On the horizon

Advanced culture in Uruguay

The discovery of a 4,000-year-old farming village in Uruguay is challenging current theories of how complex cultures developed in South America.

The Los Ajos site, located on the Atlantic coast near Uruguay's border with Brazil, includes 15 mound complexes. They contain evidence that residents farmed maize, squash, and beans. In addition, over the years, Los Ajos was altered in ways that suggest that the region was more densely populated at the time than previously believed.

The find is startling because the region traditionally has been written off as archaeologically marginal, say the archaeologists from the United States and Uruguay who uncovered the site. The work, other researchers say, adds to a growing body of evidence that is confounding long-held notions that complex cultures in South America emerged from a central region on the Pacific coast and in nearby Andean highland valleys, then spread to the rest of the continent.

Beyond its assault on conventional wisdom, Los Ajos also suggests that evidence for complex prehistoric cultures also may emerge from other parts of the continent thought "marginal," notes University of Binghamton anthropologist Peter Stahl.

The team from the Smithsonian Tropical Research Institute, the Florida Institute of Technology, and three Uruguayan institutes reported their results in Thursday's edition of the journal Nature.

Cicadas: a 'party' for forests

They came by the billions to the eastern US in May and June - small, cacophonous, winged bugs called "periodic" cicadas. Every 17 years they emerge from underground in landscape- shrouding droves, reproduce, then die.

For humans, the cicada party is annoying. But new research suggests North American forests love it.

Other researchers already had observed a curious increase in forest wood growth in years following cicada infestations. So, in field tests during three successive years when the bugs emerged in different parts of the East, Louie Yang, with the Center for Population Biology at the University of California at Davis, looked at the effects of deceased cicadas.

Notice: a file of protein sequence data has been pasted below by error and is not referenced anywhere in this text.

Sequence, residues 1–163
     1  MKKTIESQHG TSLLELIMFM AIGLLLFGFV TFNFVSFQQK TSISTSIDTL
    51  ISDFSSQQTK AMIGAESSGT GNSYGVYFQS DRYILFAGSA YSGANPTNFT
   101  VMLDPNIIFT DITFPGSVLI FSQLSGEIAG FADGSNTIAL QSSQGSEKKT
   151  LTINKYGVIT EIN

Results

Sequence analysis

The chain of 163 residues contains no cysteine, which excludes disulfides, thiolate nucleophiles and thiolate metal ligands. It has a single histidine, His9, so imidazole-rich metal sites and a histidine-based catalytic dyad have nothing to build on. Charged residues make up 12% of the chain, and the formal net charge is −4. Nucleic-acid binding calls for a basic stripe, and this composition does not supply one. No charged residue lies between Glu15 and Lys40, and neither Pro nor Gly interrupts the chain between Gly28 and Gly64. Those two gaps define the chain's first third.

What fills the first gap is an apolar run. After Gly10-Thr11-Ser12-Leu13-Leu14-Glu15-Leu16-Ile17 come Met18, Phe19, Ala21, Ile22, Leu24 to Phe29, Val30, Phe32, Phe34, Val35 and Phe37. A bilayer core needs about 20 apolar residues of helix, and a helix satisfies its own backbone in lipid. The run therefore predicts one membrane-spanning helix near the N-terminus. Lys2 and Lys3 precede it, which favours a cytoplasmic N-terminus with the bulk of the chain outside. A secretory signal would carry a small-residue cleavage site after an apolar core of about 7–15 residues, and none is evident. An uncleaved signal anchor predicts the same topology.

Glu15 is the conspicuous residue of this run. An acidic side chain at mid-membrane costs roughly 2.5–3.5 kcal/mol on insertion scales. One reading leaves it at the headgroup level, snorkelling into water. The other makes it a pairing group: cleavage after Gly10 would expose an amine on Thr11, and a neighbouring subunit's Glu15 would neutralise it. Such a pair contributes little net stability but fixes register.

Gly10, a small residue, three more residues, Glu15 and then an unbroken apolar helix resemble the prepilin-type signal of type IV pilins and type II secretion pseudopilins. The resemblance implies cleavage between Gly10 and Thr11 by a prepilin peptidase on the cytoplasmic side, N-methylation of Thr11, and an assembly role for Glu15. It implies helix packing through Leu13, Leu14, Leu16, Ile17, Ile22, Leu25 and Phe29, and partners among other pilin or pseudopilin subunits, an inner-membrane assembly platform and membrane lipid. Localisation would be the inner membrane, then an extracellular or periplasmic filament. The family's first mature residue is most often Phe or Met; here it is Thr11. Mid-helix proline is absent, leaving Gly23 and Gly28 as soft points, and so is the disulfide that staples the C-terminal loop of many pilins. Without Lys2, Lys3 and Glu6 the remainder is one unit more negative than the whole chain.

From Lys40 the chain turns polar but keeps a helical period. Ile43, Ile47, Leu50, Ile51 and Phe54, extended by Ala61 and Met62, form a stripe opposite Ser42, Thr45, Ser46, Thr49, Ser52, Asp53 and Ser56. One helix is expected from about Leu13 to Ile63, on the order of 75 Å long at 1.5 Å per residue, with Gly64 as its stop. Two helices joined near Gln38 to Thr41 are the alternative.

Perhaps not surprisingly, he found that the cicadas enriched the soil. They added nitrogen, stimulated the growth of plant-friendly soil microbes, and ultimately triggered a growth spurt among key forest plants.

The results, he writes in the current issue of the journal Science, point to a profound effect a single insect genus can have on entire ecosystems, particularly in "pulses" - sudden, unusual increases in nutrients or other basics that organisms in an ecosystem need.

Cicadas, it turns out, could affect changes in forest ecosystems across wide swaths of territory, and with lasting effect.

A warming conundrum - solved

For several years, climate scientists have puzzled over a set of contradictory evidence on global warming. Global average temperatures at ground level have been rising, but satellite readings of temperatures in the lower atmosphere as a whole have not shown the same trend. If the climate is warming, both sets of temperatures should show it.

Now, a team from the University of Washington led by atmospheric scientist Qiang Fu appears to have solved the conundrum - concluding that temperatures in the lower atmosphere, or troposphere, have in fact been rising.

The work, set for publication later this month in the Journal of Climate, indicates that the satellites have been fooled by cooling trends in the layer just above the troposphere. The idea isn't new; the same team published work earlier this year that reached the same conclusion. But critics took aim at the team's method, which in essence subtracted satellite measurements of stratospheric temperatures from those taken in the troposphere. The critics argued that that technique overcompensated for stratospheric cooling.

This time, the team used direct measurements of stratospheric temperatures to correct the satellite measurements. The results closely match its previous findings. Combined with the team's earlier work, this new, independent approach constitutes "quite powerful evidence" that the troposphere is warming, along with surface temperatures, Dr. Fu notes.

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